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Postmortem - Trump as a Failed President


Trump's Grade  

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When Trump leaves office on Jan 20th, there will be a review of his administration, a grading of it.  History will judge its highs and lows. 

 

I contend, that regardless of any successes history may give the administration, overall it will be judged as one, if not the worst administrations of all time.

James Buchanan, Andrew Johnson  MAY be judged as worse.  But it depends how this all ends 

https://www.usnews.com/news/special-reports/the-worst-presidents/slideshows/the-10-worst-presidents?slide=10

 

 

Trump's failure is obvious on several fronts:

He will go down as a president who inspired an insurrection and who may yet got to jail for it.

Covid response Management

Civil Rights / culture issues

Immigration

Trade

 

Here are a couple of examples:

1.  Trump started the trade war with China and said it would be 'easy to win'   -  China played him like a fiddle :violin

 https://financialpost.com/news/economy/how-china-won-trumps-trade-war-and-got-americans-to-foot-the-bill?r

 

2.  He said he'd get Mexico to pay for the boarder wall.  Which it hasn't as we all know. But also

the boarder is now less secure as noted by this article. 

 

https://news.yahoo.com/trumps-border-wall-construction-created-092218877.html

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Powerful article.   I wanted to quote the last few paragraphs      

This will go down as one of the most colossal failures of anyone ever sitting in the White House for four years.   We haven't even begun to discover the perfidy that went on under trump. It'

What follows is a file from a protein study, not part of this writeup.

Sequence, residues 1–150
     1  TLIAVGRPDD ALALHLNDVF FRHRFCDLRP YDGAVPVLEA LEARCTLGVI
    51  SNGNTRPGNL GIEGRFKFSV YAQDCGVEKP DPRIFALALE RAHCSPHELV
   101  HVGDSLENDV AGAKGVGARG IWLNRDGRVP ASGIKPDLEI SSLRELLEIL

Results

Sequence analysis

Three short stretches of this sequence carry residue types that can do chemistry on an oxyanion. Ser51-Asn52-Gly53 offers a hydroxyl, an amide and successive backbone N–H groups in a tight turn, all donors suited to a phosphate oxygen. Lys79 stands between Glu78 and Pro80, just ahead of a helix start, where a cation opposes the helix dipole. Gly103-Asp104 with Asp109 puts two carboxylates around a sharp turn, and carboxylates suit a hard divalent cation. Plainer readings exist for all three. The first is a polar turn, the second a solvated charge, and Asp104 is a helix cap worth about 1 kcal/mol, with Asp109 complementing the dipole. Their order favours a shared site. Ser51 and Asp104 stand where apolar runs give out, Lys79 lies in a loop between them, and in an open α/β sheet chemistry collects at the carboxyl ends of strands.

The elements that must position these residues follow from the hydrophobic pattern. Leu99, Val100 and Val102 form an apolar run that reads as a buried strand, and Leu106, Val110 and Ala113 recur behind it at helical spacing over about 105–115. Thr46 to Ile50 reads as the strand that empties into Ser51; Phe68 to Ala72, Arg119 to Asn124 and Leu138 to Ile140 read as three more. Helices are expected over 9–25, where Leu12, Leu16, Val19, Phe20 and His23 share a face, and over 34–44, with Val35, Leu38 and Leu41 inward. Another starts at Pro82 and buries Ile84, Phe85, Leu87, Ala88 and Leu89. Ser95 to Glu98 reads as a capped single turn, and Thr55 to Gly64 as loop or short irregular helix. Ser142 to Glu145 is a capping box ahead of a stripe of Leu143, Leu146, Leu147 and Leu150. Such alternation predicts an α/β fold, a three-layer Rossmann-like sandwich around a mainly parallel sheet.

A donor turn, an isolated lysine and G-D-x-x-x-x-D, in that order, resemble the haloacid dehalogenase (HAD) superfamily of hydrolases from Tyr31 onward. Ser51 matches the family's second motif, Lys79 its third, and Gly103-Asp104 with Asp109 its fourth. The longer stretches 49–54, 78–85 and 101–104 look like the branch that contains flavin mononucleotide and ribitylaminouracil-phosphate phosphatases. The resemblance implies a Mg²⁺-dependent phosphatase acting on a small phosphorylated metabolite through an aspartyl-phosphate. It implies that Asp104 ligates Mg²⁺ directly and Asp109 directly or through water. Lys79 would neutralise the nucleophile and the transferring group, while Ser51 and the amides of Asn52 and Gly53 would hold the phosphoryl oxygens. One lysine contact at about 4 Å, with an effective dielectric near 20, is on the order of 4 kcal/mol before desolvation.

7 minutes ago, commando said:

his insurrection isn't over yet.  

I know,   - I anticipate it to get worse and graded him as such

I debate whether he will be worse than Buchanan - depending on what happens the next 8 days.

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Trump's legacy:   Debt.      But why should we be surprised. That was how he ran his businesses.  He loved debt - using other people's money - putting it at risk.  Highly leveraged,  Several Chapter 11:  made suppliers and bankers pay for his excesses and mismanagement

 

www.msn.com/en-us/money/markets/trump-e2-80-99s-most-enduring-legacy-could-be-the-historic-rise-in-the-national-debt/ar-BB1cKpKE?ocid=uxbndlbing#image=3

 

 

Quote

 

One of President Donald Trump’s lesser known but profoundly damaging legacies will be the explosive rise in the national debt that occurred on his watch.

The financial burden that he’s inflicted on our government will wreak havoc for decades, saddling our kids and grandkids with debt.

Trump will have the worst jobs record in modern U.S. history. It’s not just the pandemic.

The national debt has risen by almost $7.8 trillion during Trump’s time in office. That’s nearly twice as much as what Americans owe on student loans, car loans, credit cards and every other type of debt other than mortgages, combined, according to data from the Federal Reserve Bank of New York. It amounts to about $23,500 in new federal debt for every person in the country.

The growth in the annual deficit under Trump ranks as the third-biggest increase, relative to the size of the economy, of any U.S. presidential administration, according to a calculation by Eugene Steuerle, co-founder of the Urban-Brookings Tax Policy Center. And unlike George W. Bush and Abraham Lincoln, who oversaw the larger relative increases in deficits, Trump did not launch two foreign conflicts or have to pay for a civil war.

timeline

Economists agree that we needed massive deficit spending during the covid-19 crisis to ward off an economic cataclysm, but federal finances under Trump had become dire before the pandemic. That happened even though the economy was booming and unemployment was at historically low levels. By the Trump administration’s own description, the pre-pandemic national debt level was already a “crisis” and a “grave threat.”